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Subject: Mount Rushmore

Mount Rushmore

From: Simon Barcham Green <simongreen<-a>
Date: Saturday, July 23, 2005
Deborah Confer <deborah.confer [at] colorado__edu> writes

>The comments of a friend who works for the National Park Service are
>below.  The comments are her opinion and do not necessarily
>represent the position of the NPS.
>
>Simon Barcham Green <simongreen [at] aol__com> writes
>
>>...
>>I don't know the answer to Bud Goldstone but I wondered why lichen
>>and mold are considered a problem on a mountain sized sculpture.
>>...
>
>I would guess that the plant life is a problem for 2 reasons:
>
>    1.  The mold and lichens discolor the stone.
>
>    2.  Other plant roots penetrate the stone, they open up little
>        cracks for water to get in. The freeze thaw cycle would,
>        over time, make the cracks bigger and ultimately lead to
>        more problems, greater cracks, etc.
>
>The idea of a "mountain size" sculpture not being susceptible to
>these things is funny. After all, plant roots and the freeze thaw
>cycle have helped to break rocks down into smaller rocks for time
>immemorial. It would seem that "small loss" of rock on this scale
>would ultimately lead to larger loss of rock.

Deborah Confer is amused because she interprets my email as implying
that mountain sized sculptures would not be susceptible to lichen,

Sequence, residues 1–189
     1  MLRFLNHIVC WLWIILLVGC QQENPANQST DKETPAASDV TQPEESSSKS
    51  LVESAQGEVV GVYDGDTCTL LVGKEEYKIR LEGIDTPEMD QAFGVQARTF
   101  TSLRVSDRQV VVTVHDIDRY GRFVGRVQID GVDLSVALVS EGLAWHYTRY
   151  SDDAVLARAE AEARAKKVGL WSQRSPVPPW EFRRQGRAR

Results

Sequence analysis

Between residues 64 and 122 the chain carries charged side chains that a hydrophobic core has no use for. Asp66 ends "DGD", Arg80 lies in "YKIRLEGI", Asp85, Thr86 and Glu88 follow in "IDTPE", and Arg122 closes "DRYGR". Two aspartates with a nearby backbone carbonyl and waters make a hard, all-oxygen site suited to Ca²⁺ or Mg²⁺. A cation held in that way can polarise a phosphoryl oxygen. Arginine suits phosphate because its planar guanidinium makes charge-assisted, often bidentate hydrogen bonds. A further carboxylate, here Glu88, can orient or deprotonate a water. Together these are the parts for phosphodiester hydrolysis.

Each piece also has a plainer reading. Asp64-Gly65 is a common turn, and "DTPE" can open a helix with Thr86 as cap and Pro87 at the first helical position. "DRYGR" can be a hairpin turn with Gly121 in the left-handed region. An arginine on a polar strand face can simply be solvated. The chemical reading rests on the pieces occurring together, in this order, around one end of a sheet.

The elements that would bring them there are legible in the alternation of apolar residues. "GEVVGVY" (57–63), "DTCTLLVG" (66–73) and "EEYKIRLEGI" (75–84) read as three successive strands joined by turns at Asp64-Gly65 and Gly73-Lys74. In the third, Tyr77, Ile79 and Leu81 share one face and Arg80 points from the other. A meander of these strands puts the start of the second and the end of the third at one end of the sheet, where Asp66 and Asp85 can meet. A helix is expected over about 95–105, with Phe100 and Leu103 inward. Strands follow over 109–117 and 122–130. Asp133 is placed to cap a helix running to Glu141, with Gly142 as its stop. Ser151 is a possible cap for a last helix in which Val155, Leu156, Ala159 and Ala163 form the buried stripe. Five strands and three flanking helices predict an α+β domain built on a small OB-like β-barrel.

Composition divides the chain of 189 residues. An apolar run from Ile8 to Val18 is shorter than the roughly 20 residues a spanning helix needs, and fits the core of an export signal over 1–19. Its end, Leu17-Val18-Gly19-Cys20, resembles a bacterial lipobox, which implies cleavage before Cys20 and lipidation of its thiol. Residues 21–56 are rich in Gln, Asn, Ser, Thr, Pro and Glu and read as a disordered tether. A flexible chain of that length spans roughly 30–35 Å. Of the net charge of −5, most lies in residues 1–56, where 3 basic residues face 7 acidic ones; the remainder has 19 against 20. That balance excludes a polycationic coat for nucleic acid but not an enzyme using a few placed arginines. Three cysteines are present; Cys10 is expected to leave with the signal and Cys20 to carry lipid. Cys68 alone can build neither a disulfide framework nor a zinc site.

roots, cracking etc. If she re-reads what I wrote she will see that
I did not suggest that these things don't happen but did question
whether they were a problem in this context. Mt. Rushmore and the
parts of it that are sculpted will eventually crumble and erode to
nothing. We all know that and that the lichens, roots, mountain
goats, frost etc all contribute to the process. No doubt the artist
knew that too and maybe expressed a view on how to respond to
natural processes. The proportionate impact on a mountain sized
sculpture may well be greater than on a stone carving a few feet
high.

Detritus and roots will damage a rock face but I suggested they
could have some protective effects too--compare erosion on forested
and deforested slopes.  Suitable earth scientists could comment on
this better than me or possibly Deborah and her friend.

If the real reason Mt. Rushmore is being cleaned is because it's
free, this raises a whole range of issues. I am sure there are large
number of people out there who would gladly clean famous paintings,
polish bronze sculptures etc for free--and sometimes get good
publicity for their services. Should curators and conservators let
them?

PS: Do we know whether any small pieces of rock were dislodged by
the high pressure water?

Simon


                                  ***
                  Conservation DistList Instance 19:9
                  Distributed: Friday, August 12, 2005
                        Message Id: cdl-19-9-006
                                  ***
Received on Saturday, 23 July, 2005

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